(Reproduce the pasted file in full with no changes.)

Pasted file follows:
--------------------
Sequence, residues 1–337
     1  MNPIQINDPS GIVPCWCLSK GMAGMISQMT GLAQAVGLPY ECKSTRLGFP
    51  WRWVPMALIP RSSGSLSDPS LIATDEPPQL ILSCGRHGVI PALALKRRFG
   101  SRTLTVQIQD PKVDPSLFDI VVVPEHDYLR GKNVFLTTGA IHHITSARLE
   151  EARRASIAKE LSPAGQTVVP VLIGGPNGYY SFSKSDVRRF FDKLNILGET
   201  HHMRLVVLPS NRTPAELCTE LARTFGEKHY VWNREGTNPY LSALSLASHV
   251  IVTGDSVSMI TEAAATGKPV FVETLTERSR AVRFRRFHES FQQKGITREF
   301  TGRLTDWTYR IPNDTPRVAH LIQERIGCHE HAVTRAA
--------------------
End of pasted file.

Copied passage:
Sequence, residues 1–337
     1  MNPIQINDPS GIVPCWCLSK GMAGMISQMT GLAQAVGLPY ECKSTRLGFP
    51  WRWVPMALIP RSSGSLSDPS LIATDEPPQL ILSCGRHGVI PALALKRRFG
   101  SRTLTVQIQD PKVDPSLFDI VVVPEHDYLR GKNVFLTTGA IHHITSARLE
   151  EARRASIAKE LSPAGQTVVP VLIGGPNGYY SFSKSDVRRF FDKLNILGET
   201  HHMRLVVLPS NRTPAELCTE LARTFGEKHY VWNREGTNPY LSALSLASHV
   251  IVTGDSVSMI TEAAATGKPV FVETLTERSR AVRFRRFHES FQQKGITREF
   301  TGRLTDWTYR IPNDTPRVAH LIQERIGCHE HAVTRAA